We now know that there is at least circumstantial evidence that this redefinition of torture was influenced, if not ordered, by Mr. Cheney through his powerful chief of staff, David Addington. In last Thursday's speech, Mr. Cheney made no reference to the 1994 Anti-Torture Act. Nor did he refer to the 2004 memorandum or its specific contradiction of his defense of waterboarding because it allegedly produced valuable intelligence information. "There is no exception under the statute permitting torture to be used for a 'good reason,' " it stated categorically.

So I wrote my piece supporting the indictment of Mr. Cheney because I believed his public statements constituted a challenge (I called it a "dare") to the criminal justice system, going to the heart of our country as a nation of laws applicable to all in high office as well as average Americans. And I wrote last week that Mr. Cheney's public challenge needed to be answered with an indictment.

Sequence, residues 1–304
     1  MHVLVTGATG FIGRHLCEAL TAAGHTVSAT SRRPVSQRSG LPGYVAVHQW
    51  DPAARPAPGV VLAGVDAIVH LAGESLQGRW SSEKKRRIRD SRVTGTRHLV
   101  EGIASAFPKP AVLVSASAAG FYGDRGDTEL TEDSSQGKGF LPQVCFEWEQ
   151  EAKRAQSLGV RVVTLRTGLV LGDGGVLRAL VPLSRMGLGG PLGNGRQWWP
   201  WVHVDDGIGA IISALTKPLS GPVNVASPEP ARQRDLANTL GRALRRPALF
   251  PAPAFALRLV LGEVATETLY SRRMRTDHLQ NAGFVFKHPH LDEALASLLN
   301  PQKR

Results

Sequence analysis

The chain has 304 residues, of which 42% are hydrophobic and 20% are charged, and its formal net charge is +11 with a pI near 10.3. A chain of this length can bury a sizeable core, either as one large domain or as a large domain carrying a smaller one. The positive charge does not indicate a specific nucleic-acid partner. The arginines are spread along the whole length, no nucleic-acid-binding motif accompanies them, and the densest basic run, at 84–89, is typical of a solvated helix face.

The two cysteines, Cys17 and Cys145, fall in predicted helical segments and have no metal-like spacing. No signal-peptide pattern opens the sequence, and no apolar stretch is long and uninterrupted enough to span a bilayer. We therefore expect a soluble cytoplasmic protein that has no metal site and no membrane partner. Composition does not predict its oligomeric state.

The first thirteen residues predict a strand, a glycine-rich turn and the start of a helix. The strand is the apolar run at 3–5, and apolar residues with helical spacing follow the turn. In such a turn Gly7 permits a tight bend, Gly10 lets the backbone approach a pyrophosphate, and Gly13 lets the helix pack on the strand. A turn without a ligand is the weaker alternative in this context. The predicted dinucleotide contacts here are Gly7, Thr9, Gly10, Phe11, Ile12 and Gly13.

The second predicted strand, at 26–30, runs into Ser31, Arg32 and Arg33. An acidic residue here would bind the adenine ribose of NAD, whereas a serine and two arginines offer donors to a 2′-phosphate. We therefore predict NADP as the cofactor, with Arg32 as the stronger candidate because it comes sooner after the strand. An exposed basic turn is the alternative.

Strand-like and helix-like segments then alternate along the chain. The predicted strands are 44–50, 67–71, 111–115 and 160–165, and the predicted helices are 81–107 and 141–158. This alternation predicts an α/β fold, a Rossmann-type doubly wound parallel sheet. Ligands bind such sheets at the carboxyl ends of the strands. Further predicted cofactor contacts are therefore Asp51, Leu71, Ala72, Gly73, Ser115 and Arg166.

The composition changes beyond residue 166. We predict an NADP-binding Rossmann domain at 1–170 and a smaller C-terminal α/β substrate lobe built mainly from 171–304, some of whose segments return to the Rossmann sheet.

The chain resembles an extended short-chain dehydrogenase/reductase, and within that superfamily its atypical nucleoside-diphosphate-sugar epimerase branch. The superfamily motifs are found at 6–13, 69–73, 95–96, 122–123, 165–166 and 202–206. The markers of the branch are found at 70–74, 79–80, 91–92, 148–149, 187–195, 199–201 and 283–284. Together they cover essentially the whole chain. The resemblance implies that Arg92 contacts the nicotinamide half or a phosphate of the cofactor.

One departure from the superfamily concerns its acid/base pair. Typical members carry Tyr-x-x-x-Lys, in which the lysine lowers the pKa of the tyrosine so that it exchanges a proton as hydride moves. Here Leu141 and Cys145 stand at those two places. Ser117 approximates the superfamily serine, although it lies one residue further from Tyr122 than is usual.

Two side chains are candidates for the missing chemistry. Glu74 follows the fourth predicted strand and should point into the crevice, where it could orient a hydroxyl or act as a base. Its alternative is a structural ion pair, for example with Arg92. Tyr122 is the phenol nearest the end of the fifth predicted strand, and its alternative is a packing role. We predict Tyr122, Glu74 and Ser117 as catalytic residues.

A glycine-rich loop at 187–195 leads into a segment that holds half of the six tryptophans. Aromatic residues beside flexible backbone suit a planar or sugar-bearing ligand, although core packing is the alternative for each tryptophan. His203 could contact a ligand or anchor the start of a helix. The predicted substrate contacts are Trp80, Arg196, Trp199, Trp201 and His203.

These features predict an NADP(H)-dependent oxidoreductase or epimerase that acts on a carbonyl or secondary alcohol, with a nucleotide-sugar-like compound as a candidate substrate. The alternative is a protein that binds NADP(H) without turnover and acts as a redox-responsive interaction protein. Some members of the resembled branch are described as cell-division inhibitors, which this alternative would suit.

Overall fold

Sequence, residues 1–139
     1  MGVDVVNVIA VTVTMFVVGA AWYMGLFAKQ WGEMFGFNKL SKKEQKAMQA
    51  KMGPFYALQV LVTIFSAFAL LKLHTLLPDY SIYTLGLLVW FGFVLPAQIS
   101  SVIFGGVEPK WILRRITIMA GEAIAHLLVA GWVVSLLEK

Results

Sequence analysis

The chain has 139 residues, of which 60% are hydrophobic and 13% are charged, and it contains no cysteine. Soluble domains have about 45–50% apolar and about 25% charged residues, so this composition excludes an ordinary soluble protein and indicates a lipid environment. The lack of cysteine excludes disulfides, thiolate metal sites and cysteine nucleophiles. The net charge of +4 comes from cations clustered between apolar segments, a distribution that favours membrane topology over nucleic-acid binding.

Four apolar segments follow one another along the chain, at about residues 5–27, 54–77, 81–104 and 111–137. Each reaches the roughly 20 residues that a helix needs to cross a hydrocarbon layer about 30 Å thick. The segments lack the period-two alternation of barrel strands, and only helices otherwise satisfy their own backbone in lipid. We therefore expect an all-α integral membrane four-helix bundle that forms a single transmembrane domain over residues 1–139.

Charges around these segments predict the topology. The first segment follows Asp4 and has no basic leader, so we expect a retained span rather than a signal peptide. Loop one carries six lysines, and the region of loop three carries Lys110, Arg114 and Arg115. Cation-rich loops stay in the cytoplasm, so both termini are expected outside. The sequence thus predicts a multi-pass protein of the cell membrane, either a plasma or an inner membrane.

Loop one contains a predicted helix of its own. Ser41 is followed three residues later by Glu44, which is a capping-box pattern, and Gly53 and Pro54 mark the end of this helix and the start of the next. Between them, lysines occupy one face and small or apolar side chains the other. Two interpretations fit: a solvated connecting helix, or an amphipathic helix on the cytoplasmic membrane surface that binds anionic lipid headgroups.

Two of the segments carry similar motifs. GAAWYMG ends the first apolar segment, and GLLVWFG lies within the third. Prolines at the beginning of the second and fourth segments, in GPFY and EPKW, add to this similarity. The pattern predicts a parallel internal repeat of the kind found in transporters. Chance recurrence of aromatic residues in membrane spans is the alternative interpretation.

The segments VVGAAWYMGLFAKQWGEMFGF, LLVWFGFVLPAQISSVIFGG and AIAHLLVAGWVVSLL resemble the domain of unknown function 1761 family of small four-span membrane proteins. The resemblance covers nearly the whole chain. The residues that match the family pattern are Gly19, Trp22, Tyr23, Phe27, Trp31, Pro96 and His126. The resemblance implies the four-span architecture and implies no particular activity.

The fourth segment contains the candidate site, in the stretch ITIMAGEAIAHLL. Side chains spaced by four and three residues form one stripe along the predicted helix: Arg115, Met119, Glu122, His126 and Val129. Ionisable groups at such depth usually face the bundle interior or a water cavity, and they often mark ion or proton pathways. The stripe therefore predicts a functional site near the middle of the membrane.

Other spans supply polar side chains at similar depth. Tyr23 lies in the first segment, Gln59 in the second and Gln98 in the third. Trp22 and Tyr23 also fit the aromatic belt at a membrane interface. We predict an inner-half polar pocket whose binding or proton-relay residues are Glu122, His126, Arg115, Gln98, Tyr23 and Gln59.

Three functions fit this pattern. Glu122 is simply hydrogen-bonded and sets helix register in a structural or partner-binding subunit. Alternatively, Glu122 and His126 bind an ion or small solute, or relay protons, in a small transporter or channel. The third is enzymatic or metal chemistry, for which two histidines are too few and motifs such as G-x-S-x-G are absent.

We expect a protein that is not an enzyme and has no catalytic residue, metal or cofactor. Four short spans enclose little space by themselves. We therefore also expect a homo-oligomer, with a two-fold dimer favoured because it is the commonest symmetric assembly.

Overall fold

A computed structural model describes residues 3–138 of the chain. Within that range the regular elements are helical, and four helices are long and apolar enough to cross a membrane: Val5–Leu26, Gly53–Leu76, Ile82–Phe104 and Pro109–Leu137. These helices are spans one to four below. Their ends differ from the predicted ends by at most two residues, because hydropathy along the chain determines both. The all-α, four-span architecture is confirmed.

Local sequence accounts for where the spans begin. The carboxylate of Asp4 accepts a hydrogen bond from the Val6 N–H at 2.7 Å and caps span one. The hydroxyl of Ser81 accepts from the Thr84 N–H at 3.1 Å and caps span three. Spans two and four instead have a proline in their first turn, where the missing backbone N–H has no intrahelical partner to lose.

But then came my doubts about this position, fed by some friendly and constructive critics.

The one that bothered me the most was sent half-tongue-in-cheek: "Someone seems to be sending something out under your name that suggests ... the government should selectively prosecute only those members of a prior administration who engage in forceful public criticism."

I was selecting out Mr. Cheney for prosecution because of the content of his public speech? Me? A purist First Amendment, free-expression liberal?

Ouch.

The second comment came in an e-mail from a friend who asked me whether I really wanted to put the country through all the distraction and divisions and media circus that a criminal trial of a former vice president would mean.

I thought to myself: Did I want to do that? My uncomfortable answer was: "No."